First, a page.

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From Antitrust Law Daily, August 27, 2014

Sovereign immunity shields London Metal Exchange from aluminum conspiracy claims

By Jeffrey May, J.D.

The London Metal Exchange Ltd. (LME)—the self-described “world centre for industrial metals trading”—is immune under the Foreign Sovereign Immunities Act (FSIA) from claims that it participated in a conspiracy to restrict the supply of aluminum, the federal district court in New York City has decided. Although the court “initially found this result somewhat surprising and counterintuitive,” the LME's immunity was “dictated by the prevailing case law.” Therefore, the LME's motion to dismiss for lack of subject matter jurisdiction was granted, and leave to replead was denied (In re Aluminum Warehousing Antitrust Litigation, August 25, 2014, Forrest, K.).

Purchasers of aluminum at purportedly inflated prices alleged a conspiracy to restrain the output of aluminum among the LME, owners and operators of metal storage warehouses, and metals traders, including Glencore, Goldman Sachs, and JP Morgan. According to the plaintiffs, the amount of aluminum stored in LME-certified warehouses had “soared” in recent years. They alleged intentional delays in the defending warehouses’ “loading out” of aluminum. It was alleged that a conspiracy to manipulate so-called warehouse load-out rules restrained aluminum output, thereby increasing prices. All of the defendants had moved to dismiss the claims; however, the court's August 25 decision was limited to the LME's motion to dismiss for lack of subject matter jurisdiction under Federal Rule of Civil Procedure 12(b)(1), based on the FSIA.

The FSIA provides that a foreign state is immune from the jurisdiction of U.S. courts unless one of several statutorily defined exceptions applies, the court explained. Thus, in order to be immune from suit under the FSIA: (1) the LME must fall within the definition of a foreign state or an “organ” of a foreign state, and (2) a statutory exception—in this case the “commercial activity” exception—must not apply.

The court ruled that the record compelled the following determinations: (1) the LME was an organ of the U.K. government; and (2) the LME was not engaging in commercial activity when it allegedly manipulated the load-out rules for aluminum.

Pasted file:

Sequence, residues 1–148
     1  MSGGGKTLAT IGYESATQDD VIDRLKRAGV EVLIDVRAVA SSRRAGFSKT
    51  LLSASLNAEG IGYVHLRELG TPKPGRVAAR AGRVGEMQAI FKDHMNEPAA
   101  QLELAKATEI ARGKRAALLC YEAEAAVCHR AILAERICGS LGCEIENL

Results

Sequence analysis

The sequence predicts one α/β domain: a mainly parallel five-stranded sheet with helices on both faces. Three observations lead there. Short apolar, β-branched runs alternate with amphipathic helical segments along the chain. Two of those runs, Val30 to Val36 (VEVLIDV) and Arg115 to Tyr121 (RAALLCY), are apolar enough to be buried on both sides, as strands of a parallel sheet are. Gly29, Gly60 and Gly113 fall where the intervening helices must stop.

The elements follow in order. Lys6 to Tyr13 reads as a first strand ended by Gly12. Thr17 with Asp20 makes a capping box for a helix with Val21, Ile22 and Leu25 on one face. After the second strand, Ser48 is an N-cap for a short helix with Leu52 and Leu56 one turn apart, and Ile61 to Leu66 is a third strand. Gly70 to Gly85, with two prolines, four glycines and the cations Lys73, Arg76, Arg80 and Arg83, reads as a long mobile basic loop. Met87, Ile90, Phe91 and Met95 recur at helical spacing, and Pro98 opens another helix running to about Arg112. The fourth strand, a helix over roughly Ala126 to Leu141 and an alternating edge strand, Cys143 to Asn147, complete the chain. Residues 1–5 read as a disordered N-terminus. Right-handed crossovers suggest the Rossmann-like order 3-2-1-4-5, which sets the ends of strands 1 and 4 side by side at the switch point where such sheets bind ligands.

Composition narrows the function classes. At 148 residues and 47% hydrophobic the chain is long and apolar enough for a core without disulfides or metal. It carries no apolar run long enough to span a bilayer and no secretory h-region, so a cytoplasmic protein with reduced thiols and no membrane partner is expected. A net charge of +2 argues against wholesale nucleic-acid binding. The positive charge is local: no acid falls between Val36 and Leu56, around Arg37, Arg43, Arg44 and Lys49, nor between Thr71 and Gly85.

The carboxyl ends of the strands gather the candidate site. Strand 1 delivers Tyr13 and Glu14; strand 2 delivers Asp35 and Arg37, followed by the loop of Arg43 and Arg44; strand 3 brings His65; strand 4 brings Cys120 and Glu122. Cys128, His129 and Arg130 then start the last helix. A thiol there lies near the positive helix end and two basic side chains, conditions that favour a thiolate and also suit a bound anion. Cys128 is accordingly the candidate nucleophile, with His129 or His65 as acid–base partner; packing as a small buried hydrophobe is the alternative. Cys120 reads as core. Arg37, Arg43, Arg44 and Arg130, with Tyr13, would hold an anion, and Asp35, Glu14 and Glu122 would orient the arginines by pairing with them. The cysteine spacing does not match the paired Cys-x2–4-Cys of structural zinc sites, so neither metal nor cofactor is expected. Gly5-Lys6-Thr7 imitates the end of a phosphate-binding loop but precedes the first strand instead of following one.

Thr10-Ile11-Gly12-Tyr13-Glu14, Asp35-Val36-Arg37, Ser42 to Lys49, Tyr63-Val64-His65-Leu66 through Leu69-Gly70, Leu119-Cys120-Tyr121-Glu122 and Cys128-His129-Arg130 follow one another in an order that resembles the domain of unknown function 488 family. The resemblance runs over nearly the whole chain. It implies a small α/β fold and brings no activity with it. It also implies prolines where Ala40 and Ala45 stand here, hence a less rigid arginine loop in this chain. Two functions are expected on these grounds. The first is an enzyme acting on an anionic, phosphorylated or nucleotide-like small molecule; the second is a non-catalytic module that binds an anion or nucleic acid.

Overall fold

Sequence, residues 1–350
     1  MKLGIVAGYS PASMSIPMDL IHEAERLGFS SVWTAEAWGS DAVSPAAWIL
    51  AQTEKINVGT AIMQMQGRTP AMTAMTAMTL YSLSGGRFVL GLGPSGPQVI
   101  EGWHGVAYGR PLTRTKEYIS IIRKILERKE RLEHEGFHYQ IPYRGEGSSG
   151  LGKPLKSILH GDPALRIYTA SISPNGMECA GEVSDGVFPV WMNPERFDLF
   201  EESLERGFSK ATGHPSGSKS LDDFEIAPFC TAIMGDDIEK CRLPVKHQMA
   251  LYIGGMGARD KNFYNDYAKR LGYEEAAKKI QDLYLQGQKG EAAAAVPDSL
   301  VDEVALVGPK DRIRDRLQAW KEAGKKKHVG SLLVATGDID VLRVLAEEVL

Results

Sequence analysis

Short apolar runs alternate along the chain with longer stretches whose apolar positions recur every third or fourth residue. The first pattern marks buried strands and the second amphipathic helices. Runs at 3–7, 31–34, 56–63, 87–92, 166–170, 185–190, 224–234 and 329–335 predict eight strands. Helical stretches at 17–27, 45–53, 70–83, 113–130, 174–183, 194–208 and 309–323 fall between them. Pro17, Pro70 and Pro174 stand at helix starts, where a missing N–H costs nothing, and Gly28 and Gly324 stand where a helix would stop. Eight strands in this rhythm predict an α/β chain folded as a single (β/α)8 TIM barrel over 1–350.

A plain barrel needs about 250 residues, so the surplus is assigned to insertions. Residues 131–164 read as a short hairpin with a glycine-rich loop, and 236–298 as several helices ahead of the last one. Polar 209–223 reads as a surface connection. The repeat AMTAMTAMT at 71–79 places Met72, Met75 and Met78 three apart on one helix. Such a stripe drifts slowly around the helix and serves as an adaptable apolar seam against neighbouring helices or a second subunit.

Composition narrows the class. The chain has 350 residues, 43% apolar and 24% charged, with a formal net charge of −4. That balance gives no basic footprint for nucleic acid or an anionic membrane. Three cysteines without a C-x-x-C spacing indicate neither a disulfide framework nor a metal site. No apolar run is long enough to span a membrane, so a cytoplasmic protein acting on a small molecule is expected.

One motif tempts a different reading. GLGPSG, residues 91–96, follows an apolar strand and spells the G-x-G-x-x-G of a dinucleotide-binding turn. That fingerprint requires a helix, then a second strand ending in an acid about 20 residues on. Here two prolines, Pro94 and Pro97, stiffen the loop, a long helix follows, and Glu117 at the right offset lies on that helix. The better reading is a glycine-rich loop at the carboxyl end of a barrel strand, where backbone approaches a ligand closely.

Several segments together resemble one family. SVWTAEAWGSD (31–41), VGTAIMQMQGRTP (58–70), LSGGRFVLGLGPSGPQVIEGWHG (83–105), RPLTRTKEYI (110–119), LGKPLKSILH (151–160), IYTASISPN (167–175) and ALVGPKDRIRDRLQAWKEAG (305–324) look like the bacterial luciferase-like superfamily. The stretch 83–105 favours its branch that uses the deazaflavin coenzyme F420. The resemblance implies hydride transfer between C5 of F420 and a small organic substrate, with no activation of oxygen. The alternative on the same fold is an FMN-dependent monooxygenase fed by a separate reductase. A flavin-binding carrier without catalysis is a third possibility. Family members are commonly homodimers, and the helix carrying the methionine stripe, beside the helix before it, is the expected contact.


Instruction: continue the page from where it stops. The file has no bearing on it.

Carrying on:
Organ of foreign state. Although a privately-held and for-profit company, the LME was an “organ” of the United Kingdom, the court ruled. While not formed by the U.K. government, the LME was charged by statute with performing the public function of regulating metals commodities markets, including the market for aluminum warrants.

In addition, the conduct of the LME—including its load-out rules for LME-approved warehouses—was actively supervised by the Financial Conduct Authority (FCA). The FCA regulates the U.K. financial services industry in the United Kingdom and is accountable to the U.K. Parliament through the U.K. Treasury, the court explained.

The plaintiffs pointed out that the FCA had conceded that the “LME’s warehousing arrangements are not directly regulated.” However, supervision may occur in the absence of regulation, it was decided. The court also noted that the U.K. judiciary viewed the LME as acting as a public body.

According to the court, a balancing of the five “Filler factors” tipped in favor of finding the LME an organ of the U.K. government:


whether the foreign state created the entity for a national purpose;


whether the foreign state actively supervises the entity;


whether the foreign state requires the hiring of public employees and pays their salaries;


whether the entity holds exclusive rights to some right in the [foreign] country; and


how the entity is treated under foreign state law.

Commercial activity exception. The FSIA does not bar a suit based on the organ of a foreign state participating in the marketplace in the manner of a private citizen or corporation, the court noted. However, the LME’s alleged conduct did not within the “commercial exception” of the FSIA, as the plaintiffs asserted.

Looking to the nature of the challenged activity—a conspiracy to manipulate warehouse load-out rules in order to restrain aluminum output and increase price—it was clear that the conduct that gave rise to the plaintiffs’ claims did not constitute “commercial” activity. The load-out rules were a form of market regulation implemented by the LME, and were therefore regulatory, not commercial, in nature, the court decided.

The plaintiffs' argument that the LME’s arrangements with the warehouses were contractual and therefore necessarily commercial was rejected. “There are numerous instances in which a public organ might use a contractual arrangement to fulfill its public function,” the court explained.

This is Case 1:14-cv-03116-KBF (MDL No. 2481).

Attorneys: Edith M. Kallas (Whatley Kallas LLP), and John G. Emerson, Jr. (Emerson Poynter LLP) for Claridge Products and Equipment, Inc. Robert M. Rothman (Robbins Geller Rudman & Dowd LLP) for Thule, Inc. Daniel E. Becnel, Jr. (Becnel Law Firm, LLC) for River Parish Contractors, Inc. Christopher Lovell (Lovell Stewart Halebian Jacobson LLP), Harold Z. Gurewitz (Gurewitz & Raben, PLC), and James J. Sabella (Grant & Eisenhofer) for Custom Aluminum Products, Inc., and International Extrusions, Inc. Margaret M. Zwisler (Latham & Watkins LLP) and William H. Horton (Giarmarco, Mullins & Horton, PC) for London Metal Exchange Ltd.

Companies: London Metal Exchange Ltd.; Glencore Xstrata plc; Goldman Sachs Group, Inc.; JP Morgan Chase & Co.

MainStory: TopStory Antitrust NewYorkNews

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